AshLee Strong, Doug Andres
U.S. Congress Presents Gold Medal to the Filipino Veterans of World War II

WASHINGTON—U.S. House and Senate leaders today presented a Congressional Gold Medal in honor of the Filipino veterans of World War II for their service and sacrifice during the war. The ceremony took place in Emancipation Hall of the U.S. Capitol Visitor Center. The following are Speaker Ryan’s remarks prior to the presentation of the medal, as prepared for delivery:

“Ladies and gentlemen, good morning. I am honored to welcome all of you to the United States Capitol. The Congressional Gold Medal is one of our oldest traditions. It is the highest civilian honor this body can bestow. Today, pursuant to S. 1555, we award this Medal to the Filipino veterans of World War II.

“This is a day that is long, long overdue. Everyone knows about Pearl Harbor on December 7th, 1941. Perhaps lesser known is that, within hours, Japanese forces also invaded the Philippines. Under the command of General MacArthur, American and Filipino forces fought side-by-side to stave off the invasion.

“All told, 250,000 Filipinos answered President Roosevelt’s call to duty. Most had no formal training. Many had never even picked up a weapon. But they risked—and in the case of many—gave their lives fighting under our stars and stripes. They battled not only the enemy, but starvation and malnutrition. But they never lost sight of the cause. And they never accepted defeat.

“In the midst of the struggle, President Roosevelt addressed the Filipino people. He said, ‘The great day of your liberation will come, as surely as there is a God in heaven.’ And sure enough, that day came. But only due to the incredible valor and sacrifice of the Filipino resistance movement. And only at a heavy cost. More than 10,000 Americans and nearly one million Filipinos, mostly civilians, died in the Philippines.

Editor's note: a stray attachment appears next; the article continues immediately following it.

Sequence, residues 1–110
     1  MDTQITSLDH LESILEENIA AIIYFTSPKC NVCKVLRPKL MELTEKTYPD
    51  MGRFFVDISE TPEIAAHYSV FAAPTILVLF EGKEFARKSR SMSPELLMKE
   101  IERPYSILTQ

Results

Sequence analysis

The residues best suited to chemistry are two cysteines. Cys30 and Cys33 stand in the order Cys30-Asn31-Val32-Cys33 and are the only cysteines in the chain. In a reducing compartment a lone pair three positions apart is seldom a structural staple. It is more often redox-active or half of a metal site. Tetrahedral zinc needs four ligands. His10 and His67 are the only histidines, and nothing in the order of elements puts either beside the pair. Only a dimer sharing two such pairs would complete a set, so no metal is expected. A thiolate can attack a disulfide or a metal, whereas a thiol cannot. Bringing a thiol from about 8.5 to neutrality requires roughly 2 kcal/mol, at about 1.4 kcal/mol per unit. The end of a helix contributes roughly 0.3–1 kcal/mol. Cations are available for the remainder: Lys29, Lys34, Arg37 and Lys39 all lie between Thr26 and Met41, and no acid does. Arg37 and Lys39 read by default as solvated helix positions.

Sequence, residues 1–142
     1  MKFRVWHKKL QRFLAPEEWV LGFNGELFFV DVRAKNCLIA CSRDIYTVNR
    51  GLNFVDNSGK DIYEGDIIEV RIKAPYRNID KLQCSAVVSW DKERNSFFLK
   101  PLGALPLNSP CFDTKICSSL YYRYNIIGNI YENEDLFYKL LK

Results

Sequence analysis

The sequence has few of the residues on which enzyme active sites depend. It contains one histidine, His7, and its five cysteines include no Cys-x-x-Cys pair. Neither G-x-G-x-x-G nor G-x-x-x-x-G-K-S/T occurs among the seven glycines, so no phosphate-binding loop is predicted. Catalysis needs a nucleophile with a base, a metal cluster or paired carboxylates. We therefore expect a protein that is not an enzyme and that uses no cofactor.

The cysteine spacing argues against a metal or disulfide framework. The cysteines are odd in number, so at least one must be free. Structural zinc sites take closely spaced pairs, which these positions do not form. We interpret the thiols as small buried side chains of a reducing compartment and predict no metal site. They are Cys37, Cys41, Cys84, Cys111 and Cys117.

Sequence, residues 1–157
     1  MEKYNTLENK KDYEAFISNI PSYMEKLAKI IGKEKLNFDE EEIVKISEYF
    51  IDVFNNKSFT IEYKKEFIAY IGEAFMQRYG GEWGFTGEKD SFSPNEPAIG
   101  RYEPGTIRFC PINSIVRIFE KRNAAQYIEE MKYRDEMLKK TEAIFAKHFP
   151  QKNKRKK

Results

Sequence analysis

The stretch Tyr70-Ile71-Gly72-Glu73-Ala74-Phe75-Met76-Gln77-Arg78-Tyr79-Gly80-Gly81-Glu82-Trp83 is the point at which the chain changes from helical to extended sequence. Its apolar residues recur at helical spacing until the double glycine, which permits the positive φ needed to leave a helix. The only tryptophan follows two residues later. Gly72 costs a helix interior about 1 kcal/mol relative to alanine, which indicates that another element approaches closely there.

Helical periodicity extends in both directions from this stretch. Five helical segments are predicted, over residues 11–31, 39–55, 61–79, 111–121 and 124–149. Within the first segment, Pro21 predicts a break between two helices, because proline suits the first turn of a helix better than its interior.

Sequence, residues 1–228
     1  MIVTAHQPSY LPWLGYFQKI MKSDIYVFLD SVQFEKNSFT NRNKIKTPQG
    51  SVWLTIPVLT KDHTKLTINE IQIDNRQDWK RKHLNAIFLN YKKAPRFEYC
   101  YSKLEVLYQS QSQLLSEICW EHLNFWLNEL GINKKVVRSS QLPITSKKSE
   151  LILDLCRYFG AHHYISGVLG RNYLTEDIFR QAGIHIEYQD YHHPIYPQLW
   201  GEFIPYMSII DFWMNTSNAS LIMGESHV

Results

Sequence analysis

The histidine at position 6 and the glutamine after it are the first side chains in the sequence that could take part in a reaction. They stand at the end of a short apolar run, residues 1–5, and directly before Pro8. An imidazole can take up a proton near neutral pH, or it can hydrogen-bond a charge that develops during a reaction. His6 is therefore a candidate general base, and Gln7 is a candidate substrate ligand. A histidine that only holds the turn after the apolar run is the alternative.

“We are blessed to be joined today not only by some of these veterans, but also their families. Thank you for being here. You are an integral part of this legacy. And without you, we know this day would not have been possible.

“A longtime dear friend of mine, my former deputy chief of staff, Joyce Meyer, tells the story of her great grandfather, Andres Arribe. He was one of many Filipinos recruited from Manila during the war. He was a sharp shooter. He was at Leyte when General MacArthur was there. But like too many others, he was stricken with tuberculosis and passed away shortly after the war.

“But his granddaughter used his veterans benefits to help pay for a college education, and she became the first in her family to move to America. And today, her daughter—this soldier’s great-granddaughter—works for the President of the United States.

“So you see, this is not simply a feel-good story of delayed recognition. We are here to immortalize the legacy of great liberators, who have paved the way for generations to follow.

“Let this ceremony serve to ensure that those who fought for freedom are never forgotten, and always remembered.

“Thank you all for being here.”

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